The prince then said, “Well, tell me then, what was the sin that touched upon your religion?” The patriarch replied, “Before this it was a small sin that is easily remedied, but now it is great and cannot be pardoned, since it is not permitted for a priest to seek the intercession of you, a Muslim, in matters that pertain to the Church alone.” The prince became angry and told the patriarch, “Be forewarned! Know that you will die, because I will take your head off, even if it’s resting in Sayf al-Dawla’s lap.” But Christopher was not afraid of him.

The events that led to Christopher’s martyrdom are also closely connected, both to his zeal for the Church and the loyalty to his patron. There are also portrayed in a somewhat ambiguous or unclear way in the text itself. It gives it a real air of vivid historical reality; events are often somewhat unclear. So when we’re getting towards the end of the 960s, Syria and Palestine are falling into political, economic, and social chaos. The constellation of many statelets ruled by local strong-men like Sayf al-Dawla who owed nominal loyalty to the Abbasid caliph in Baghdad, who by then was powerless, were no longer strong enough to defend themselves. Egypt and Palestine were soon to be conquered by the Ismaili Shia Fatimid caliphate, and Byzantine armies under Nikephoros Phokas were steadily moving eastward, retaking Cilicia and Tarsus and then Cyprus in 966.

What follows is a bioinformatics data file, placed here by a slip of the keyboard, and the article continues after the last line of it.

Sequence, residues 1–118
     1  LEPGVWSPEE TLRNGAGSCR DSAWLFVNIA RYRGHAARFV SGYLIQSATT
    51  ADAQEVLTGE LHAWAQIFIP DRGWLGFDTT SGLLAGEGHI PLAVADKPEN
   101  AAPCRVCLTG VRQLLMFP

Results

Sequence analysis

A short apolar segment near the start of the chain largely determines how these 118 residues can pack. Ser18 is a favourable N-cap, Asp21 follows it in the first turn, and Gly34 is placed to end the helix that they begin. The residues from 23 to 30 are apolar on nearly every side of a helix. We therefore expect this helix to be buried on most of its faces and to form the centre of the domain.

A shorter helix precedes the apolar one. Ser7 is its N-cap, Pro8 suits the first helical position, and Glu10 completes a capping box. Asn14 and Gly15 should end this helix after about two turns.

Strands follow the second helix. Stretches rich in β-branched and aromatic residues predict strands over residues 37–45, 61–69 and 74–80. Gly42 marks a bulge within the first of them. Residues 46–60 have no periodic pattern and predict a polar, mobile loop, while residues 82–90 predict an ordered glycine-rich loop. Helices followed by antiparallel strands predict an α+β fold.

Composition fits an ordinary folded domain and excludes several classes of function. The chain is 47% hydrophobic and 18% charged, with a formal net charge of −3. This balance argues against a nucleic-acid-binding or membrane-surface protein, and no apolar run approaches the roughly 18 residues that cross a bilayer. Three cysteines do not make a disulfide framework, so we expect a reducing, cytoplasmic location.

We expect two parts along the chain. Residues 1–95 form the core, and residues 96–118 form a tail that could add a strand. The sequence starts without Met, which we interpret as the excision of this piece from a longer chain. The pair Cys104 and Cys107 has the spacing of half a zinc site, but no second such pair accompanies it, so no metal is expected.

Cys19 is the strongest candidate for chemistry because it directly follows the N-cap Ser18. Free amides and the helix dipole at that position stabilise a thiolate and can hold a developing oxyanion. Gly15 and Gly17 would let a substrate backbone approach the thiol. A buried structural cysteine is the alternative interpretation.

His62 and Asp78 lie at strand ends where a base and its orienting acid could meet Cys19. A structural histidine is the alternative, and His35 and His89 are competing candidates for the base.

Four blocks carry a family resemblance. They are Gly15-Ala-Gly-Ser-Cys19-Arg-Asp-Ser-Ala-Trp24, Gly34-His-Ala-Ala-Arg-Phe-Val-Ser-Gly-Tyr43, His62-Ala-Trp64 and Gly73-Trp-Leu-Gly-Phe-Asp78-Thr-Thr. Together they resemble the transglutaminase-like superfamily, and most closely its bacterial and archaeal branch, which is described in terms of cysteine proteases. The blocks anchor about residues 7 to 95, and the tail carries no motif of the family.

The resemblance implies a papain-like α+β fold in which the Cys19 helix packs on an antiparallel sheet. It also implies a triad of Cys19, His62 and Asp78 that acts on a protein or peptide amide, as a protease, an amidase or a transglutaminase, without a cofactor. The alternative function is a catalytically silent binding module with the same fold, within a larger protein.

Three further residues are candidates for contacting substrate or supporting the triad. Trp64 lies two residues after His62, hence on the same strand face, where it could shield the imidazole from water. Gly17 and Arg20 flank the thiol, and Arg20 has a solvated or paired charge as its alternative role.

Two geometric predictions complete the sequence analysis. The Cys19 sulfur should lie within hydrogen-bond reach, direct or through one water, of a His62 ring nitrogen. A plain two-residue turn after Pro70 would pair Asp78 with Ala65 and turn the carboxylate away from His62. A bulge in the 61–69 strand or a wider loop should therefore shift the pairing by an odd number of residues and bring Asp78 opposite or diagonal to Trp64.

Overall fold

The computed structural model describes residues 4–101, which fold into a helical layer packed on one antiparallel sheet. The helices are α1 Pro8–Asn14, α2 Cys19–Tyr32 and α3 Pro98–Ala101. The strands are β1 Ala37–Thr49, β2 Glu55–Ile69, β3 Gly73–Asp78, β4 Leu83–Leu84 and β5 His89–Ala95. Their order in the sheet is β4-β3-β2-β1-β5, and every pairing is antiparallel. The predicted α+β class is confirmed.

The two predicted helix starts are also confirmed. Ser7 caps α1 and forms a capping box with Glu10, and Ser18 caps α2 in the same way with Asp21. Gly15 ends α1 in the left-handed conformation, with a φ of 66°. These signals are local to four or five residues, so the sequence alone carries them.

At this point, the situation in Antioch had grown tense. The city was filled with refugees caused by the famine caused by the Byzantine invasion. The Byzantines’ favorite tactic was destroying cropland and laying siege. Sayf al-Dawla’s health was deteriorating, so his lieutenants began to plot against him. Christopher, however, would have none of this. Fearful that he would be implicated in the plot, and unwilling to be disloyal to his patron, he fled to the monastery of St. Symeon the Stylite near Aleppo, and he decided to remain there until everything blew over. One of the monks approached him and asked him how could he call himself a good shepherd if he’s abandoning his flock this way, and according to the life, according to the hagiography, he simply said, “You don’t know what I know,” and left it at that. This is highly unusual.

As it turns out, Sayf al-Dawla was not so weak as the plotters had thought, and he came to Aleppo and had them killed. This displeased a lot of people, and this displeased a lot of people with Christopher for his apparent willingness to side with Sayf al-Dawla. So people began to plot against him specifically. He became aware of this, and realized who was behind it and then invited them to eat with him. While at this meeting, he was killed. At least as the way the life portrays this, he did this with the knowledge that he would be killed in order that nothing affect the rest of the Orthodox community in the city, which presumably was the case.